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Iran, U.S. Split Over Ballistic-Missile Focus in Nuclear Talks

A woman passes a Shahab 2 ballistic missile on display in Tehran in 2010. Iran and the United States reportedly are still divided about whether a planned nuclear dialogue should address Tehran's ballistic-missile activities. A woman passes a Shahab 2 ballistic missile on display in Tehran in 2010. Iran and the United States reportedly are still divided about whether a planned nuclear dialogue should address Tehran's ballistic-missile activities. (Behrouz Mehri/AFP/Getty Images)

Tehran and Washington appear divided on whether limits on Iran's ballistic-missile activities are fair game in nuclear talks, the Wall Street Journal reports.

The apparent difference arose on Thursday, during the announcement of a newly negotiated agenda for planned discussions on the Middle Eastern nation's nuclear activities. The five permanent U.N. Security Council member nations and Germany hope in coming months to hammer out a deal with Tehran to dispel international fears that its civilian nuclear program could potentially support nuclear-arms production.

The United States wants to negotiate restrictions on Iran's ballistic-missile program as part of a possible agreement, but the idea has prompted resistance from Iranian government personnel, according to the Journal.

Speaking to reporters in Vienna, Iran's top diplomat said his nation's defense capacities are beyond the purview of its upcoming discussions with the "P-5+1" countries.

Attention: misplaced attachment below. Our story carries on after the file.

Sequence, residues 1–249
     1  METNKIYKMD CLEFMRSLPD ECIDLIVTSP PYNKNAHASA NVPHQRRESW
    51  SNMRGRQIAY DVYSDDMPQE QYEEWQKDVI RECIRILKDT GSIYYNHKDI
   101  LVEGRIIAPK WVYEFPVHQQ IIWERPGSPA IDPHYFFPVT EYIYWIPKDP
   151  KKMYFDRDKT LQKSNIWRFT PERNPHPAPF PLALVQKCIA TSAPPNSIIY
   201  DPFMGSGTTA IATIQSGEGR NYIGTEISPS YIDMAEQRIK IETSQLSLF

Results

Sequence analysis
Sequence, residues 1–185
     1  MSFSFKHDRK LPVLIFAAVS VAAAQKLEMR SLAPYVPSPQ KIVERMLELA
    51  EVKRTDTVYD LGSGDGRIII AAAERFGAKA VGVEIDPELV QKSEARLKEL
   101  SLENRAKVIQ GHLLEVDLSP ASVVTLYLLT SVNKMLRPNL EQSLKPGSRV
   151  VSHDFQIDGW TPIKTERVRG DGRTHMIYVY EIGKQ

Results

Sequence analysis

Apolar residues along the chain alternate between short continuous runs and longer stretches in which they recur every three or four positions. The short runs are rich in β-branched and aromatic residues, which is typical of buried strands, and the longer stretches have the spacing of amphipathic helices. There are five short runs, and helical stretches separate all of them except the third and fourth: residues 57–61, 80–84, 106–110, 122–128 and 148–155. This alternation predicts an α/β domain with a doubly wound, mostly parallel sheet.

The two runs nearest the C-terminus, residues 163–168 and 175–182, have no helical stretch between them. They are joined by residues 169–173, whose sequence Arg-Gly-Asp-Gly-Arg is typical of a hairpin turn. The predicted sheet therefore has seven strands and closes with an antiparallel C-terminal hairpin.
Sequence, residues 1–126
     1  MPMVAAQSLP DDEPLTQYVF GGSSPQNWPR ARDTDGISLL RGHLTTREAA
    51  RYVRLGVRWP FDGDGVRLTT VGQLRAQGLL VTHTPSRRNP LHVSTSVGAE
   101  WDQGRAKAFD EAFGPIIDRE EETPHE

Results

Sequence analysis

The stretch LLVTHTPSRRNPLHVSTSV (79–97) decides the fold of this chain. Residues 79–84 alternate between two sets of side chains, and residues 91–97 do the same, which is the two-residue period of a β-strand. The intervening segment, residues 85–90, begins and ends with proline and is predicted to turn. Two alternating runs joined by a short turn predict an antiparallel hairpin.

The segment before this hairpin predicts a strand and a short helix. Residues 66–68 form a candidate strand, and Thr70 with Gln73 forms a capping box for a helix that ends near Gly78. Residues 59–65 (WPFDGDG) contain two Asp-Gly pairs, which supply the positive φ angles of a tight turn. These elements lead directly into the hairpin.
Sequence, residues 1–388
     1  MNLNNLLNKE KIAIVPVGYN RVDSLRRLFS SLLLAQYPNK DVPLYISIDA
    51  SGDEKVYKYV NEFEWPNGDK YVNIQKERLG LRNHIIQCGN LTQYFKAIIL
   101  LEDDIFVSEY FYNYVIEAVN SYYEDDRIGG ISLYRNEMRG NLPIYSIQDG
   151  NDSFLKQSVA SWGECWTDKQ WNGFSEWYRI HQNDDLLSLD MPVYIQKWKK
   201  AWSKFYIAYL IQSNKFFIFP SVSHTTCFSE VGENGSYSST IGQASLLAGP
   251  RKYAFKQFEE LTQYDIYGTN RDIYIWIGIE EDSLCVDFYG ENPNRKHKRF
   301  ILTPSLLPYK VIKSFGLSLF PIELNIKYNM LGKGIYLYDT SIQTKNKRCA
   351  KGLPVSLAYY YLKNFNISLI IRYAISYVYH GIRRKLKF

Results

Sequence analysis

"Nothing except Iran's nuclear activities will be discussed in the talks with the P-5+1, and we have agreed on it," Iranian Foreign Minister Mohammad Javad Zarif said.

"Iran’s defensive capability is no subject for the negotiations," he stressed in a comment quoted by Iran's state-run Fars News Agency.

A senior Obama administration official, though, later appeared to reaffirm Washington's interest in discussing Iran's ballistic-missile program.

When asked about Iran's rejection of any talks on the matter, the insider said that "every issue of concern to us has been discussed, will be discussed."

Iran and the six world powers agreed in an interim accord on the basis for the upcoming negotiations, and the November plan "talks about all concerns needing to be addressed" in a potential final agreement, the official said during a Thursday news briefing, conducted on-background.

"It talks about the U.N. Security Council resolutions needing to be addressed. It talks about making sure that we know that, in fact, this is an entirely peaceful program," the insider said.

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